International polling company YouGov has asked a Hong Kong academic to drop questions about the city’s sweeping national security law from a survey he commissioned, raising questions about the room left for pollsters to measure public opinion freely in the city.
Stephan Shakespeare, the chief executive and co-founder of the London-headquartered company, said on Thursday that his group had to operate within local legal frameworks.
“YouGov wants to know what the world thinks. We are dedicated to pursuing this goal within the laws and regulations of the markets in which we operate,” he told the Post in a brief statement.
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He made the comment after Dr Kobayashi Tetsuro, from the City University of Hong Kong’s department of media and communication, took to Twitter earlier this week to say that the company had requested he drop from an online survey some questions that might violate the controversial law.
The scholar said YouGov made the decision after receiving legal advice from Hong Kong lawyers, as well as the company’s legal teams in Singapore and its UK headquarters.
Tetsuro did not respond to requests for comment, but he had previously told the Hong Kong Citizen News outlet that he was asked to delete six questions in total, and subsequently agreed.
Only two of the questions were about the new law. One asked respondents to rate on a scale of one to nine – with one being strongly agree and nine being strongly disagree – whether they agreed with the statement that the law was unnecessary because it hurt the city’s freedom.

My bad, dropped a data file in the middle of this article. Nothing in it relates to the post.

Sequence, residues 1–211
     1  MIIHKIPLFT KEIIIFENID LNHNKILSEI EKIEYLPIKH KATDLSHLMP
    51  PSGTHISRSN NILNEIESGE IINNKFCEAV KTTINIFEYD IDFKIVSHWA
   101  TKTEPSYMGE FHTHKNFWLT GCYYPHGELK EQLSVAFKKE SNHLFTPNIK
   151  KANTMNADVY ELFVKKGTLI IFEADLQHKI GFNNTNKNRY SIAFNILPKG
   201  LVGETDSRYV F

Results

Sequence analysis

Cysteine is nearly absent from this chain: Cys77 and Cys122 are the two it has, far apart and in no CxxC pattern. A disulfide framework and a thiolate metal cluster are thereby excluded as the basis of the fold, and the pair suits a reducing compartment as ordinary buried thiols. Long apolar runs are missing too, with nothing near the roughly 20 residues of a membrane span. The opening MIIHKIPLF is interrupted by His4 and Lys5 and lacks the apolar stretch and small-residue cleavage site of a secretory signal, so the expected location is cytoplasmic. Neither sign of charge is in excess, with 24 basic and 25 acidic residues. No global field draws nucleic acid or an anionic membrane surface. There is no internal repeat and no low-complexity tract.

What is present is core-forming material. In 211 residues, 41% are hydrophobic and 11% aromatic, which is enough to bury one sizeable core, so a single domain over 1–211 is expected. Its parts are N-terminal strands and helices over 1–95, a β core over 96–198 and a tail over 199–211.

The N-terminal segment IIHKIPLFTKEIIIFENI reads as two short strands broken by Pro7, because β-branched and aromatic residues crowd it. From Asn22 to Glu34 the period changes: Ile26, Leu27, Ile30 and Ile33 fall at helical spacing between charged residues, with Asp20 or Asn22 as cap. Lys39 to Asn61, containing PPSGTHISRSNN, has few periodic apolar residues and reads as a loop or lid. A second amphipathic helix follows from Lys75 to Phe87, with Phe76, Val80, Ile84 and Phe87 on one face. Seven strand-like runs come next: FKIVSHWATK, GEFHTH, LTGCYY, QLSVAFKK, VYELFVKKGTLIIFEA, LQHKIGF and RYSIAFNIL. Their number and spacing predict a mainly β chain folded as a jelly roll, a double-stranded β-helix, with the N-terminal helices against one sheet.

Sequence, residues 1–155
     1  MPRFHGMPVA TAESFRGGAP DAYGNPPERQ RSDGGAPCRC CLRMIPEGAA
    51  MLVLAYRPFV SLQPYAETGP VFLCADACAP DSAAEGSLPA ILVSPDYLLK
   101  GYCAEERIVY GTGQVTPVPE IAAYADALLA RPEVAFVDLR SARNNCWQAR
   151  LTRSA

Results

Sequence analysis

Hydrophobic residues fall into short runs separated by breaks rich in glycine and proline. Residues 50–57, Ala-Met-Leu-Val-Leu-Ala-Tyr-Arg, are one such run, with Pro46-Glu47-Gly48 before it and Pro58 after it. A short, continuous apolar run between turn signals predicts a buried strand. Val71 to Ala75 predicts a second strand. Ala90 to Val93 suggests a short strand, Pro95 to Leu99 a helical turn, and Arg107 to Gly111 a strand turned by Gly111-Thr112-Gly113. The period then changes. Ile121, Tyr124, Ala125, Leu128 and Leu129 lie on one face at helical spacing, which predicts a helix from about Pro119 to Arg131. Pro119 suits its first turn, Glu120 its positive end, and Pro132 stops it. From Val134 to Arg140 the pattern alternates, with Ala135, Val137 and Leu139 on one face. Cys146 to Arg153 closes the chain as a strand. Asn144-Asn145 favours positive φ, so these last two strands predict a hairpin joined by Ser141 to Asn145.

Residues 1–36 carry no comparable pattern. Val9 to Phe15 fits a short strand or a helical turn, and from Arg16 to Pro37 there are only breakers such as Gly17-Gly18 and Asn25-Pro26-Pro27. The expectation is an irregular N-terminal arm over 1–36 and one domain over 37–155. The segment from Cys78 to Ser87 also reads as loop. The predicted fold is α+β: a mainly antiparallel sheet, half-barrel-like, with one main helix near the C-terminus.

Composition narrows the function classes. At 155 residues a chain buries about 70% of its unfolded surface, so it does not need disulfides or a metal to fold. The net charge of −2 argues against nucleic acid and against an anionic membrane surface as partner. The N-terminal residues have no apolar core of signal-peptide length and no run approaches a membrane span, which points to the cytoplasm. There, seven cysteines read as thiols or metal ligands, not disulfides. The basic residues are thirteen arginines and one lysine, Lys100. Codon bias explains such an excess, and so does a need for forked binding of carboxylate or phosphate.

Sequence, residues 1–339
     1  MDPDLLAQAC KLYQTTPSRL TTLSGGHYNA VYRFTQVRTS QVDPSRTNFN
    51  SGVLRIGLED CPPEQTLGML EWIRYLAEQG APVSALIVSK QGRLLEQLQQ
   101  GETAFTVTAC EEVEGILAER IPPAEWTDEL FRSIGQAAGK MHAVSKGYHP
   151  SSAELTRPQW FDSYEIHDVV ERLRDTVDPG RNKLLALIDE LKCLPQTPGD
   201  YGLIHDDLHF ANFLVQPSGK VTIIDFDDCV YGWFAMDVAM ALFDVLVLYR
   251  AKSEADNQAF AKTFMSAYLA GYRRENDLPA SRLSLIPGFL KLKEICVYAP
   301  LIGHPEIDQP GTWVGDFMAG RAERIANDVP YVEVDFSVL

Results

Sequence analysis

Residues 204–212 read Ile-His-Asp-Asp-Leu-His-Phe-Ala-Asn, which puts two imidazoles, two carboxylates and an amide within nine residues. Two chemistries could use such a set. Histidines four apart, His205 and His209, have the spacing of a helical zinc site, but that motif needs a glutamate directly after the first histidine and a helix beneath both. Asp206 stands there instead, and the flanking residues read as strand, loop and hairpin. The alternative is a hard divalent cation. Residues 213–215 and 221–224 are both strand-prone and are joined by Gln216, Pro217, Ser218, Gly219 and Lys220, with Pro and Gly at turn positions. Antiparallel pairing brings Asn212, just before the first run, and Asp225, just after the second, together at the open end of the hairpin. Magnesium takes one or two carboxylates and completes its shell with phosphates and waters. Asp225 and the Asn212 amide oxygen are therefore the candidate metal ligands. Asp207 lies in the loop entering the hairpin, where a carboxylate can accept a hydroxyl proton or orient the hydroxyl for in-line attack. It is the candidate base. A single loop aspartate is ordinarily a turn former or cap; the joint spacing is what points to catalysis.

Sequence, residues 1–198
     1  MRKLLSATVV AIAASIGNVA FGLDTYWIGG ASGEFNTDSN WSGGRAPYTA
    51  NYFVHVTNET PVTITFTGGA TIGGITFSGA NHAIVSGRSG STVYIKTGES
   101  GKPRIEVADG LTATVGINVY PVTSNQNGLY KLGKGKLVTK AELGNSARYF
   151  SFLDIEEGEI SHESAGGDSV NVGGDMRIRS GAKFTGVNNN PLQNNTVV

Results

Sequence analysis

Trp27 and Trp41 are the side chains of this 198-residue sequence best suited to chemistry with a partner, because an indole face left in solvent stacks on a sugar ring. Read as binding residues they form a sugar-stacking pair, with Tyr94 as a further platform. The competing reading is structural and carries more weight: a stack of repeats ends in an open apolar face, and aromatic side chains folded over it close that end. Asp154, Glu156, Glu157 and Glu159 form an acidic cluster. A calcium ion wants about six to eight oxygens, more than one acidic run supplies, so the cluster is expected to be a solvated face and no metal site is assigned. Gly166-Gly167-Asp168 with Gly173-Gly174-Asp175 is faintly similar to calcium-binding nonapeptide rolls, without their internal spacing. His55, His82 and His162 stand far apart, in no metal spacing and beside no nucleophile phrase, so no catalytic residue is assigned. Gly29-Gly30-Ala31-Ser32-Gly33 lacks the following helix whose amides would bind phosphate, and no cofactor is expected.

The other question asked whether respondents agreed that the law was necessary because it ensured safety for the city.
Of the four other questions, two were about the Hong Kong government’s fight against the coronavirus outbreak, and two were about whether the city’s police had threatened human rights.
The list of questions was first submitted to YouGov in June.
Francis Lee Lap-fung, director of the Chinese University’s School of Journalism and Communication, who has conducted many polls in the past, said the problem was that the national security law was so broadly termed that no one can say for sure whether it would be a violation to conduct polls on what the public thought about it.
“There are no ways to assess and say that there are absolutely no risks,” he said.
In principle, he said, asking the public for their views on the topic should not be a violation because the pollsters were not guiding the citizens to show disapproval of the law.
He said the six questions proposed by Tetsuro were “very normal,” but apparently YouGov decided not to take any chances.
The national security law punishes acts of secession, subversion, terrorism and collusion with foreign forces. Since it came into effect on June 30, only the Hong Kong Research Association, a pro-Beijing group, has conducted surveys on the law. Its July survey of about 1,100 people showed that 66 per cent were supportive or very supportive of the legislation.
Some other pollsters had done surveys on the law before it was enacted, but not after.
Chung Kim-wah, deputy chief executive of the Hong Kong Public Opinion Research Institute, said his institute would not shy away from any topics. But he acknowledged that the law was “broadly and vaguely” termed, and thus some pollsters might fear they could be in violation of it.
“It’s unavoidable that some people will be afraid,” he said. “But we won’t censor ourselves.”
A university academic who has conducted many surveys in the past also spoke of concerns about doing polls about the law.
“You don’t even know how to ask the questions. The interviewees may not want to share their thoughts,” said the academic, who asked not to be named.
He added that even if polls were to be conducted, there were worries that the results would not be to the liking of pro-Beijing groups, who might single the pollsters out online.
There were also fears that the data of interviewees could be stolen by hackers, he noted.
“There are no cybersecurity means that are absolutely safe,” he said.
Additional reporting by Chan Ho-him
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This article International polling company pulls questions from Hong Kong survey over national security law fears first appeared on South China Morning Post